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Sensory ataxia

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Sensory ataxia is both a symptom and a sign in neurology. It is a form of ataxia (loss of coordination) caused not by cerebellar dysfunction but by loss of sensory input into the control of movement.

Sensory ataxia is distinguished from cerebellar ataxia by the presence of near-normal coordination when the movement in question is visually observed by the patient, but marked worsening of coordination when the eyes are closed.

Sensory ataxia also lacks the associated features of cerebellar ataxia such as pendular tendon reflexes, scanning dysarthria, nystagmus and broken pursuit eye movements.

Patients with sensory ataxia often demonstrate pseudoathetosis and Romberg's sign. They usually complain of loss of balance in the dark, typically when closing their eyes in the shower or removing clothing over the head.

CausesEdit

Sensory ataxia can be a manifestation of sensory large fiber peripheral neuropathies and conditions causing dysfunction of the dorsal columns of the spinal cord due to a variety of disorders: infectious, auto-immune, metabolic, toxic, vascular and hereditary diseases.[1][2][3]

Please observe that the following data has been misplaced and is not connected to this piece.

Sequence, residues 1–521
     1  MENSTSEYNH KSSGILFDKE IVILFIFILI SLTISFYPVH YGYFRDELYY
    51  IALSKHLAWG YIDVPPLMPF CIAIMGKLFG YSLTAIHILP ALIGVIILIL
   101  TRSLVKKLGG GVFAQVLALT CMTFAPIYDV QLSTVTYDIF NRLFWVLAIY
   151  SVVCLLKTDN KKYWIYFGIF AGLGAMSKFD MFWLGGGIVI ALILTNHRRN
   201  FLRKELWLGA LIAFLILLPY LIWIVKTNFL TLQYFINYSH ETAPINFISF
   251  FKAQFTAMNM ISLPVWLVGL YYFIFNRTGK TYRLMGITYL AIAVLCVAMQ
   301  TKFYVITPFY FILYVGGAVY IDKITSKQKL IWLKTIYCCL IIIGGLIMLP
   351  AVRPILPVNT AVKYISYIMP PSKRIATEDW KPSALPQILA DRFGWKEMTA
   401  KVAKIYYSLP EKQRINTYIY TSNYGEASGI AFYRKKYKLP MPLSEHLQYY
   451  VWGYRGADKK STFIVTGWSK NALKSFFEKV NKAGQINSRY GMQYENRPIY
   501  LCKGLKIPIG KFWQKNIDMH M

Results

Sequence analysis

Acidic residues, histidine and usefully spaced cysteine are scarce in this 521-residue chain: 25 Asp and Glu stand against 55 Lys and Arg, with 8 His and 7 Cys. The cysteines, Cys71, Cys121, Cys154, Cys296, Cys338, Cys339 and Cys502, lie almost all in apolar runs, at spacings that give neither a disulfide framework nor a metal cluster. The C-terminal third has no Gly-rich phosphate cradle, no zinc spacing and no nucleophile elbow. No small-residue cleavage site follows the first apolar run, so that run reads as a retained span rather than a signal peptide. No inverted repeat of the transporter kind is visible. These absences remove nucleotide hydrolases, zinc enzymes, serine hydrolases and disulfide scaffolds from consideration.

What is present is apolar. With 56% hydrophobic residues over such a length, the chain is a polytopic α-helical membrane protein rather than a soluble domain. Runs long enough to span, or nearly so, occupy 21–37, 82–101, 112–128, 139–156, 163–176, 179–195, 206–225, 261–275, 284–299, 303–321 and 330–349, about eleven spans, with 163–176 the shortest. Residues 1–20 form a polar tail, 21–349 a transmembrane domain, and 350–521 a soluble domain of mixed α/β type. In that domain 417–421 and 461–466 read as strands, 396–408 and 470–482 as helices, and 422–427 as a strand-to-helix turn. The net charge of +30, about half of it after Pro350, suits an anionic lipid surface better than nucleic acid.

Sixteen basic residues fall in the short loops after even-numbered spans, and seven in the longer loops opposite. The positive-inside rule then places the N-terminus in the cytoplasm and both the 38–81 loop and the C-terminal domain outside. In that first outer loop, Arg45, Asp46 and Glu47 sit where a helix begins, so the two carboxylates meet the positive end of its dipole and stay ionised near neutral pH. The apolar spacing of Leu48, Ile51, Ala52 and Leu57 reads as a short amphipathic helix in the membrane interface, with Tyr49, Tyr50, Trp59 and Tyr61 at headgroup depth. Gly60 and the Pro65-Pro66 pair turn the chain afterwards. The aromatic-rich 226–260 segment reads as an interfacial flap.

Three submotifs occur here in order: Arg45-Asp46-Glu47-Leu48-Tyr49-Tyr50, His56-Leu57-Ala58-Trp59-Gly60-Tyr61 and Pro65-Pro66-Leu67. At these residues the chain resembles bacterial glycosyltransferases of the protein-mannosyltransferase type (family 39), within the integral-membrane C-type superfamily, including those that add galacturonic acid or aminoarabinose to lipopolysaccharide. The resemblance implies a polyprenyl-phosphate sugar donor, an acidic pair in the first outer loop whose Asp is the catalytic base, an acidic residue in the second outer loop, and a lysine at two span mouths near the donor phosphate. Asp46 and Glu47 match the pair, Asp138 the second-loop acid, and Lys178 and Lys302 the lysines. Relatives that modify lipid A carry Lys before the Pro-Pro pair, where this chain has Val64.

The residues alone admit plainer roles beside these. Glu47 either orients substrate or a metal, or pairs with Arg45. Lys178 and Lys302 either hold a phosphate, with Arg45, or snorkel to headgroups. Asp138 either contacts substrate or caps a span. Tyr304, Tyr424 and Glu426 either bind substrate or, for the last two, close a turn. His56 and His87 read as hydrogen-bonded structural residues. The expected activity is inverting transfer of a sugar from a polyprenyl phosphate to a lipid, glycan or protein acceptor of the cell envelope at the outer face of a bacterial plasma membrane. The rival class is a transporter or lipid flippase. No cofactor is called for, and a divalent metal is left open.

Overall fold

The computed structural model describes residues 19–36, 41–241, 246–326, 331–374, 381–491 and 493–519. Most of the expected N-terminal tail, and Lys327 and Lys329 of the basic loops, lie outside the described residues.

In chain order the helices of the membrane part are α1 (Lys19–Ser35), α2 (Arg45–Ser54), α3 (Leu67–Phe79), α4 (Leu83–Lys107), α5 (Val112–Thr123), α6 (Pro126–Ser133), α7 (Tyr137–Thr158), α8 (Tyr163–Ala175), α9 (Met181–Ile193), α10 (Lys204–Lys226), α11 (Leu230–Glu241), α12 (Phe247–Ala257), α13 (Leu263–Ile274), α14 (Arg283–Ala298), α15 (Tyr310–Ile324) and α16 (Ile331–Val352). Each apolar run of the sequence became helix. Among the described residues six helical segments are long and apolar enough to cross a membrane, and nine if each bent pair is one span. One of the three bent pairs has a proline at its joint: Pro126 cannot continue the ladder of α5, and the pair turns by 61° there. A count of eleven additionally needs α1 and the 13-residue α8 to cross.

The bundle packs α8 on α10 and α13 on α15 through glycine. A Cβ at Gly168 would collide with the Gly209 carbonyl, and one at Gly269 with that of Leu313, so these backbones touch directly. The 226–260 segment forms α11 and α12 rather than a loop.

ReferencesEdit

  1. Spinazzi M, Angelini C, Patrini C (May 2010). Subacute sensory ataxia and optic neuropathy with thiamine deficiency. Nat Rev Neurol 6 (5): 288–93.
  2. Sghirlanzoni A, Pareyson D, Lauria G (June 2005). Sensory neuron diseases. Lancet Neurol 4 (6): 349–61.
  3. Moeller JJ, Macaulay RJ, Valdmanis PN, Weston LE, Rouleau GA, Dupré N (September 2008). Autosomal dominant sensory ataxia: a neuroaxonal dystrophy. Acta Neuropathol. 116 (3): 331–6.

Further reading Edit

  • Bastian AJ (1997). Mechanisms of ataxia. Physical therapy 77 (6): 672–5.


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